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Jay W. Preston, CSP, PE, CMIOSH, President and CEO

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Safety Subject Information:


Accident investigations and analysis show that the overwhelming majority of falls and similar injuries occur at level changes. Debris and other materials as well as holes and low-level obstacles like wheelstops can result in such transitions.

The presence of potholes, speedbumps, Botts dots, wheelstops, and other surface irregularities can cause falls and similar incidents due to the inadequate footing and the unexpected nature of the irregularity. A person can catch a toe on the edge of such a feature and trip to fall to be injured.

Wheelstops are also known as tire stops, parking bumpers, parking stops, and dead men.  The terms refer to a long block of concrete, wood or another material that is about the size of a curb (6" by 6")  to impede the movement of vehicles.  Frequently they are held in place by pegs of rebar.

The presence of wheelstops in a parking lot should be avoided where possible due to the tripping hazard that they pose. They should only be used to protect a fixed object, and only where pedestrians are unlikely to travel. Where they must be used, they should be painted "traffic yellow" to provide a daylight warning, and be adequately highlighted and illuminated to be seen during dark hours.

The practice of lining up a wheel stop end with the midline between parking stalls should be avoided. Such lining up of a wheel stop end guarantees that the wheel stop obstacle will protrude into pedestrian traffic areas one foot or more when cars are reasonably parked. If wheelstops must be used they should be installed such that their ends are set back from stall lines by at least one foot. Where "hairpin" lines are used to designate stalls, the wheel stop must not protrude from the stall beyond the stall side of the hairpin lines.  The ASTM Standard requires a clear pedestrian area of at least three feet.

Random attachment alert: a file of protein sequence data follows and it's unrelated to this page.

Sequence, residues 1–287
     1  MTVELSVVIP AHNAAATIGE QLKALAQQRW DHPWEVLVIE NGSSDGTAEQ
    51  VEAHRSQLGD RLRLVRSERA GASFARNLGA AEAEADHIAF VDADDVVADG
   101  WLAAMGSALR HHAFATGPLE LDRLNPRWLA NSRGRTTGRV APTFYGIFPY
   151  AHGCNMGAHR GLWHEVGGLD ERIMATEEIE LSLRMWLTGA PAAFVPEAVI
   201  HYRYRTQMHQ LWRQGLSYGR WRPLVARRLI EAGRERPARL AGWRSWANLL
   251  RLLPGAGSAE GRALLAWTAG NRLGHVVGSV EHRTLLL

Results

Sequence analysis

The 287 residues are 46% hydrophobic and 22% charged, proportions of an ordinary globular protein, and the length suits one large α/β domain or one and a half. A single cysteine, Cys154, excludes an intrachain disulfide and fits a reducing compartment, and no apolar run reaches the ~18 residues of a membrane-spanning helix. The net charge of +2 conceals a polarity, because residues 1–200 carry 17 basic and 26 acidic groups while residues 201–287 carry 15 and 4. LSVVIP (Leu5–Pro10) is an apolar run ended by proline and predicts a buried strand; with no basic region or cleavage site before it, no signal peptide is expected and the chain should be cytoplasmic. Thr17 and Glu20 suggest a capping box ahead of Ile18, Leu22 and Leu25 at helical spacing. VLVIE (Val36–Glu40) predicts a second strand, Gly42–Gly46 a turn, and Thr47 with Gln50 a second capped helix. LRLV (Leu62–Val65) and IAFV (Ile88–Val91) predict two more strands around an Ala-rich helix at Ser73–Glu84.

In no case should wheelstops be used adjacent to a marked pedestrian walkway. A pedestrian straying over a line would then be exposed to the trip and fall hazard. This is particularly true where the marked walkway is designed for handicapped access.

The presence of a wheel stop in what would be a pedestrian path. makes a route dangerous. Walkways and entries can be protected from vehicle encroachment in a way that does not create the low level tripping hazard of wheelstops. Guard posts, bollards, a wider walkway, or massive foundations can serve admirably.

Barrier posts or "bollards" are an acceptable option. These have the advantage that they do not protrude into the dark shadows between parked cars or into a reasonable pedestrian path.  They are also high enough to be far more visible than wheelstops when no cars are parked. Care should be taken to make the bollards at least 42 inches high, at least five inches in diameter, and paint them vividly. They can be used bi-directionally, and they are more durable than wheelstops. The bollards can also serve as bases for signage.


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Copyright 2000 - 2011, Jay W. Preston.  Distribution permission granted when this notice is printed in full.  For questions or comments: contact  The J-P, Plus Design and SAFETYBIZ. are registered service marks of Jay William Preston. Permission for use of specific Safety Subject Information is only granted when this notice is printed in full and Preston has been contacted by phone, fax, or email prior to use.